3. Use the SQL Server segment to split a frequently used large table and place it on two separate smart disk controller database devices. This can also improve performance. Because multiple heads are searching, data separation can also improve performance.
4. using SQL Server segments to store text or image column data on a separate physical device improves performance. A dedicated intelligent controller can further improve performance.
2. SQL Server-related hardware systems
The hardware design related to SQL Server includes the system processor, memory, disk subsystem, and network. These four parts basically constitute the hardware platform, where Windows NT and SQL Server Run on them.
2.1 system processor (CPU)
The process of determining the CPU Structure Based on your specific needs is the process of estimating the CPU usage workload on the hardware platform. From past experiences, the CPU configuration should be at least one 80586/100 processor. If only 2 ~ Three users, this is enough, but if you plan to support more users and key applications, we recommend using Pentium Pro or pⅱ CPU.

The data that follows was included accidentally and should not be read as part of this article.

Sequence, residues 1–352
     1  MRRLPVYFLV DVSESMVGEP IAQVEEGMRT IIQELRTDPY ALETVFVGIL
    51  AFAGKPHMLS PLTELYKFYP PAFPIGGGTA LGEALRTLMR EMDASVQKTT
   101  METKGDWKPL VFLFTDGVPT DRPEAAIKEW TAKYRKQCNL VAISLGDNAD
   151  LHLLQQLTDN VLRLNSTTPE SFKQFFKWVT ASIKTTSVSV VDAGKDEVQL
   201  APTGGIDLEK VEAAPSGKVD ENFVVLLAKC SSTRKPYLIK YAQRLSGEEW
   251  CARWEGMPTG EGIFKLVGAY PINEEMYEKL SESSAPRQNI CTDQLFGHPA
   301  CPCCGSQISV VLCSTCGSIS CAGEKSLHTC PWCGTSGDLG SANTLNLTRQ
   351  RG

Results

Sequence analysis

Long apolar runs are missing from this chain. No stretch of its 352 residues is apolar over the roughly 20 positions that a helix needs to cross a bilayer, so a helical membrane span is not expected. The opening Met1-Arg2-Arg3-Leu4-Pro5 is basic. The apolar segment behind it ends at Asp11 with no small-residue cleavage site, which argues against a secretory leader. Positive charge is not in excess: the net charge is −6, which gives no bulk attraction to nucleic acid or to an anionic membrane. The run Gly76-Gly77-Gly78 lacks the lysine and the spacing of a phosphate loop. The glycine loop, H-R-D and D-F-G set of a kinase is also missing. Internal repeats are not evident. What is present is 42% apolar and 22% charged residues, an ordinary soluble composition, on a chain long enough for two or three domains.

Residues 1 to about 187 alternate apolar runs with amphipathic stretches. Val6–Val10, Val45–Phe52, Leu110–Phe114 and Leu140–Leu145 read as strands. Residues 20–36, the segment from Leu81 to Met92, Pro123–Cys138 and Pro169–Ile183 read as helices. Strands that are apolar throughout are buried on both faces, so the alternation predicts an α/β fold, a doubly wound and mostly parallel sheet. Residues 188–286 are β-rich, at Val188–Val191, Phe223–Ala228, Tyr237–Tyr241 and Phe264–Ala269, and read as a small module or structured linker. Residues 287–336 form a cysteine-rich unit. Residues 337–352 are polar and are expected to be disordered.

2.2 memory (RAM)
Determining appropriate memory settings for the SQL Server solution is crucial for achieving good performance. SQL Server uses memory for process caching, data and index item caching, static server spending, and set spending. SQL Server can use up to 2 GB of virtual memory, which is also the maximum setting value. Another thing to consider is that Windows NT and all its related services also occupy memory.
Windows NT provides a 4 GB virtual address space for each Win32 application. This virtual address space is mapped from the Windows NT virtual memory manager (vmm) to the physical memory, which can reach 4 GB on some hardware platforms. SQL Server applications only know virtual addresses, so they cannot directly access physical memory. This access is controlled by vmm. Windows NT allows the generation of virtual address space that exceeds the available physical memory. In this way, when the virtual memory allocated to SQL Server exceeds the available physical memory, the performance of SQL Server is reduced.